Park It In The Driveway

Ah, the pleasure of having a driveway. When you don’t have a front garden, not even a little strip of pebbles or concrete, neighbours and passers-by staring in, a driveway is a dream of heaven. For me and you it is cars whizzing past or parking outside and blocking the light and the view.

A greeting card for every day featuring grand stone building against a solid blue sky with overhanging trees and a driveway flanked by shrubs

What I wouldn’t give for a driveway, and a nice house at the end of it.

Imagine when a visitor is arriving and you can say down the telephone: ‘Park it in the driveway.’

Of course, in some countries, space is all they have. There you can have a driveway as long as you like.

But in the crowded UK, with a population density to rival that of sardines in a tin, a driveway is a luxury item.

We can’t count the little double strip of concrete you might have that runs to the side of the house, the one that leads to the rickety garage that sits hard up against the neighbour’s fence.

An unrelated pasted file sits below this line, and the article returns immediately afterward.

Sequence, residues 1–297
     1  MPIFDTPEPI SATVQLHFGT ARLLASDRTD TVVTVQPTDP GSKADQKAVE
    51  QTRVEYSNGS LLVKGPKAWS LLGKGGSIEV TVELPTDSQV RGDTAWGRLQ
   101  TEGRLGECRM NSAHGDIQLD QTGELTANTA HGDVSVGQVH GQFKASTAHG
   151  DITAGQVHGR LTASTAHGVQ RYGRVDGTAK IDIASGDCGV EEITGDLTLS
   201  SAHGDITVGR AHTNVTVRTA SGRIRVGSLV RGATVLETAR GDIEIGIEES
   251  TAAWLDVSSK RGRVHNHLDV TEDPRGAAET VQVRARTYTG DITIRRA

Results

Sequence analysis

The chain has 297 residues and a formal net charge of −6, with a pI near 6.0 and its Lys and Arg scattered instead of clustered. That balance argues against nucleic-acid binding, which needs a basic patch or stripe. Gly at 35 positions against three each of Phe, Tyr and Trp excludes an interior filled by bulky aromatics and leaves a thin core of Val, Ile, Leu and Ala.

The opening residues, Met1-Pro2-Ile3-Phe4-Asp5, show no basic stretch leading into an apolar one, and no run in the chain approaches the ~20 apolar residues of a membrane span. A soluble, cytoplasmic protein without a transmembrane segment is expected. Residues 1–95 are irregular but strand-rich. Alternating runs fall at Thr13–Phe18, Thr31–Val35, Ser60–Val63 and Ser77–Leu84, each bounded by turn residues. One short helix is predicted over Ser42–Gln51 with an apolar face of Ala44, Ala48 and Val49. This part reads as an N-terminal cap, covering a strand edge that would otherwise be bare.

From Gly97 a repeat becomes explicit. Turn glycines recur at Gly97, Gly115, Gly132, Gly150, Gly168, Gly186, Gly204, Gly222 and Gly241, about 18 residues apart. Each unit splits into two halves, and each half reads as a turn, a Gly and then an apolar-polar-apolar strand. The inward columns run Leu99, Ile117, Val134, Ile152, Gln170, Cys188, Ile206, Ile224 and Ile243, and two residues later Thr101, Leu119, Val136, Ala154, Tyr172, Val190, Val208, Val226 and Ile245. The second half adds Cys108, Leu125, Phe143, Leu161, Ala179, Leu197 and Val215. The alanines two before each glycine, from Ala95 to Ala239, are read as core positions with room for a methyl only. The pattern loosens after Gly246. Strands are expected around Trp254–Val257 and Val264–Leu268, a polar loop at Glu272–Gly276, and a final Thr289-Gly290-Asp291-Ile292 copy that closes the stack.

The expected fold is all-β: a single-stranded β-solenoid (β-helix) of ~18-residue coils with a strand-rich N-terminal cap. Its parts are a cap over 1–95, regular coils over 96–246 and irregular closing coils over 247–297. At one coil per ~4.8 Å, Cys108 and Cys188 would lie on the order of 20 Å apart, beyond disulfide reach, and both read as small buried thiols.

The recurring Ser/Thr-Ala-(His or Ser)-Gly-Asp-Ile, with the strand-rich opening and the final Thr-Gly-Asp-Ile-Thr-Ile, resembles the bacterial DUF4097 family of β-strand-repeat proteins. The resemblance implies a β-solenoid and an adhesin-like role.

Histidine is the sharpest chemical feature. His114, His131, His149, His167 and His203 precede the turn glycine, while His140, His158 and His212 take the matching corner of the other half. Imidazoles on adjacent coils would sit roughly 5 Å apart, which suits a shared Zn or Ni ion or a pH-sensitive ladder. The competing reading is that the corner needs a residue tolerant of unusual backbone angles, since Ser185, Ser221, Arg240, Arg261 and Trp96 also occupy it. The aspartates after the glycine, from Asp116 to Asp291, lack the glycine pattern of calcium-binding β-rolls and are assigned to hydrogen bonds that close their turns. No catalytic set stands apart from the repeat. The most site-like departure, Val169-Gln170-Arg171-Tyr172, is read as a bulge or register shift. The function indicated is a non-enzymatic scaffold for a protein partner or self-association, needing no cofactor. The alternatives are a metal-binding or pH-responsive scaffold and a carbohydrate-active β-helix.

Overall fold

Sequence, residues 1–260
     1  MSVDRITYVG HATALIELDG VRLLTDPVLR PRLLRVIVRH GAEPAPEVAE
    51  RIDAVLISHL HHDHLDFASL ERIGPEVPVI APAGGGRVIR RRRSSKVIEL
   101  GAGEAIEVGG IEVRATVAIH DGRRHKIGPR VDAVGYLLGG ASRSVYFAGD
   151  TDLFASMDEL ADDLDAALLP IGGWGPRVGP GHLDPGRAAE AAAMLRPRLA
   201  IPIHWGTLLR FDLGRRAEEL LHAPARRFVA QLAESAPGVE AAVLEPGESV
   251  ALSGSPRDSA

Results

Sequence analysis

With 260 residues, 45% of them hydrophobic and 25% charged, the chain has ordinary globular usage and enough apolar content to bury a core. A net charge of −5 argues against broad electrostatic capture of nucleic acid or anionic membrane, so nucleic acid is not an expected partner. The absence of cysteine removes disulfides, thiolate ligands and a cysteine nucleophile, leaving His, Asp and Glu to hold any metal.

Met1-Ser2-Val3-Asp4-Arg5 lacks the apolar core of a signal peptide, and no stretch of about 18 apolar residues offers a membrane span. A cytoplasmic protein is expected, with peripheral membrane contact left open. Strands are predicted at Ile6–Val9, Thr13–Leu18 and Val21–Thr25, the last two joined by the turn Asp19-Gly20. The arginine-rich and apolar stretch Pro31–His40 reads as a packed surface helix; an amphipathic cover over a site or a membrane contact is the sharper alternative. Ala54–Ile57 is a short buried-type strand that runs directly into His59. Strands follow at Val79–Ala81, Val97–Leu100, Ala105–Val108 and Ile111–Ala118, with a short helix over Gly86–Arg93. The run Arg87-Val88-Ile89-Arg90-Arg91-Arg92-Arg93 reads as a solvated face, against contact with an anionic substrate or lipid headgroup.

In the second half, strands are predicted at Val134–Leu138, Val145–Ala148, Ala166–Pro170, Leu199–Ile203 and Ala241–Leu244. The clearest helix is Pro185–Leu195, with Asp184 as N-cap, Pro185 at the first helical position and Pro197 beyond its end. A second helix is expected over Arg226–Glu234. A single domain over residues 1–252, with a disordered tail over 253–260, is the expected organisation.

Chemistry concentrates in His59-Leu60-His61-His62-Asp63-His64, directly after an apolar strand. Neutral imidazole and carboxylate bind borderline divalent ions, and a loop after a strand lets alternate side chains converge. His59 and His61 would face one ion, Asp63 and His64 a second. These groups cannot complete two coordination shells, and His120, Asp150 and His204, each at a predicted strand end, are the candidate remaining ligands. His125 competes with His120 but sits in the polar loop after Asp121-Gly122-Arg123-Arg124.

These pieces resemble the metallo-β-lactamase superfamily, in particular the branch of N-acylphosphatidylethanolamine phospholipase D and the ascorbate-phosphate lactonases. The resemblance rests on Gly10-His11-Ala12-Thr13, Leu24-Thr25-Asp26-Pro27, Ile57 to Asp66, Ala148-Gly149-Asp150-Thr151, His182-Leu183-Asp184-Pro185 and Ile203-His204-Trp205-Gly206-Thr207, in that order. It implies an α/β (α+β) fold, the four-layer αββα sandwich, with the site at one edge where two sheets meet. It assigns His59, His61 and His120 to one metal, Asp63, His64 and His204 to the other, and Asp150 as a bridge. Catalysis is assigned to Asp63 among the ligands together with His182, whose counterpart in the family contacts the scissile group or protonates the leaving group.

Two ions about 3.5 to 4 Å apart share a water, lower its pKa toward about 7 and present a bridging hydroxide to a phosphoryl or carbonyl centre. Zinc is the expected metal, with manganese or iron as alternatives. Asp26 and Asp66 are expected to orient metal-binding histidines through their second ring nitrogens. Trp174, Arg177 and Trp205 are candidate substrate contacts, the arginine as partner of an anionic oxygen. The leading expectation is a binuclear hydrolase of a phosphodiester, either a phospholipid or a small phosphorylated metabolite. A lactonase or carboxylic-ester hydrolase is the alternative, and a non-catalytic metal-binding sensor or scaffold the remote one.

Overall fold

And we certainly can’t count the bit of gravel or concrete out front, just inches from the pavement, where you can park your car up against your own front window. That’s no fun, blocking all your own light and casting a blight over the whole property.

No, a driveway is a fine thing for a fine house, for people with spare cash. Oodles of cash and the right to say: Park it in the driveway.

A Watercolour Painting: Park It In The Driveway

This one is nice. A watercolour painting of a building with a drive, and a purple drive, no less.

A card for every day featuring a grand stone building against a solid blue sky with overhanging trees and a driveway flanked by shrubs. Is that stone? It looks like stone. And a pediment over the front door.

Not a house, more of a public building, or maybe an architect’s office or some such building for one of the creative arts. An ad agency, perhaps. Perhaps something in graphic design. Or an agency building bespoke websites.

Whatever it is, they need the space and the surroundings to get their creative juices flowing. No way could they work with their cars blocking the light with two inches between the cars the road.

If you like the card, click the image and it will take you straight to the product page.

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